While the new year is poised to deliver the old year’s office leasing strength, Cushman & Wakefield’s chairman of New York investment sales, Bob Knakal, made it clear that purchasing may lose a bit of momentum.
“2015 was a great year, but as we progressed through the year on a quarter over quarter basis, we started to see some cracks emerging,” Knakal told the audience at Cushman’s year-end press breakfast on Tuesday morning.
“If you look at the third quarter of 2013 through last quarter, that is an unprecedented run of activity in the market,” said Knakal, who labeled 2014 and 2015 as “the best time” to be an investment sales broker in the 32 years that his career has spanned.
He pointed to the values increasing in the rebuilding years following the dismal end of the previous cycle and credited the climb back from a 38 percent drop as fuel for a frenzy of activity.
“We had this incredible boom period in terms of number of properties sold and, from our perspective, we always look at number of properties sold as a much better indicator of market activity than dollar volume, because large transactions can skew that dollar volume very significantly,” he said. Knakal noted that fewer buildings were sold in 2015 than 2014, though he conceded that 2014’s strength made it very hard to match.
“If you look at what happened last year — approximately $75 billion worth of investment sales transactions — so we set an all-time record in dollar volume (but) number of buildings sold was down. Those were both occurrences that we projected at the beginning of last year, so those were not surprising.”
Knakal continued and said that “statistically we did have less buildings sell in 2015 than ʼ14, but ʼ14 was such an unbelievable year that, if we didn’t have the spike we had in 2014, ’15 would have been the all–time record.”
“Last year was the year of the mega deal,” said Knakal. In 2015, there were 133 properties that sold for over $100 million and nine that sold for over a billion. That compares with 99 and four for 2014.
Knakal said that 2015’s “fairly significant drop” in the number of properties that were sold hints that 2016 may not provide an immediate remedy for the dip.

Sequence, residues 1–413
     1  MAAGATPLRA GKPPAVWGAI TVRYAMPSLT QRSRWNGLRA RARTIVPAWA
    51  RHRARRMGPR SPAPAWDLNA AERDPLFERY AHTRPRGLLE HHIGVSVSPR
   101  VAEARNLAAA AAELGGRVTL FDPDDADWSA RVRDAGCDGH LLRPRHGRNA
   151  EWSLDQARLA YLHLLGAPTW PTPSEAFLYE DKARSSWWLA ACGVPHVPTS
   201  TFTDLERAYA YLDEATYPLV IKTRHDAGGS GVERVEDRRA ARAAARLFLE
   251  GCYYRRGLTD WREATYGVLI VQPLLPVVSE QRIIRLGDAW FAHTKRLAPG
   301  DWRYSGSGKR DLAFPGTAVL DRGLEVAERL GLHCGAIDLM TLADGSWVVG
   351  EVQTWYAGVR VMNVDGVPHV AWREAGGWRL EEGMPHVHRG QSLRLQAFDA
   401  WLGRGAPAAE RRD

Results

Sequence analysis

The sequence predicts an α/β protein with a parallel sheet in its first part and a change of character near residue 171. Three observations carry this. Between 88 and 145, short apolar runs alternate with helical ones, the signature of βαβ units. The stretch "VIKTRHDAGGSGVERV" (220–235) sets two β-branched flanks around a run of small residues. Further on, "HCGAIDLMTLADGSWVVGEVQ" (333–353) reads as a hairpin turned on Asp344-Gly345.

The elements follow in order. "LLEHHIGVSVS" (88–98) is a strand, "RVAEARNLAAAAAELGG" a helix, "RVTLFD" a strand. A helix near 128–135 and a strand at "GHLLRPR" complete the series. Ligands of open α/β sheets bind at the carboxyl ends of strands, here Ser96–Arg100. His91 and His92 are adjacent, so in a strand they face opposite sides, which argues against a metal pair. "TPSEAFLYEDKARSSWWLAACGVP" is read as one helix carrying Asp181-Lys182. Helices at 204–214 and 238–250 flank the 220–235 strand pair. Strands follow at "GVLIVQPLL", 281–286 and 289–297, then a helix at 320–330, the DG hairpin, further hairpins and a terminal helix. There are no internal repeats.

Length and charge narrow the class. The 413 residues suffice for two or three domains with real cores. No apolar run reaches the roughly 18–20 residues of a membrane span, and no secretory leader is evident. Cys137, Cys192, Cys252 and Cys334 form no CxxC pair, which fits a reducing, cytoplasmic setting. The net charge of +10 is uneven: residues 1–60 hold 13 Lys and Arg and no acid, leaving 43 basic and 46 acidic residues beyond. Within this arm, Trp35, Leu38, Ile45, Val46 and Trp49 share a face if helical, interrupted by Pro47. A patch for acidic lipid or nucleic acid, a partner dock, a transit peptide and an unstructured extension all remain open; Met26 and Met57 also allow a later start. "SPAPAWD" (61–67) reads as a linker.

“If we look at what has transpired over just the last two or three months, we’ve seen tremendous resistance in land pricing that can achieve the same level that we were at, let alone any increases in values,” said Knakal, noting the $300 price point per buildable square foot citywide for the year.
“When land is going down in price, people don’t see,” Knakal added referencing historical precedents.
As for the leasing arena, it’s all systems go. Citing job growth, a robust TAMI sector, and the strongest year-end vacancy rate since the conclusion of 2008, Cushman & Wakefield expects the sector to remain robust through the next 12 months.
“2015 was a very strong year, and we are optimistic that the combination of a healthy TAMI sector, coupled with stronger growth in financial services, will continue to drive the market forward in 2016,” said Ron Lo Russo, president, New York Tri-State Region.
“New York City has experienced extraordinary job growth over the past five years. We expect that the city will continue to act as a magnet to the young professional millennial worker that companies are seeking to hire,” added Ken McCarthy, principal economist.
The high leasing demand resulted in 28.2 million s/f worth of new leases being signed. This is the third highest total in the past decade. The activity triggered a 5.7 percent rise in Manhattan asking rents from $67.70 to $71.58.
The strong leasing volume lowered the overall Manhattan vacancy rate to 8.5 percent, the lowest it has been since year-end 2008, when the vacancy rate was 8.1 percent.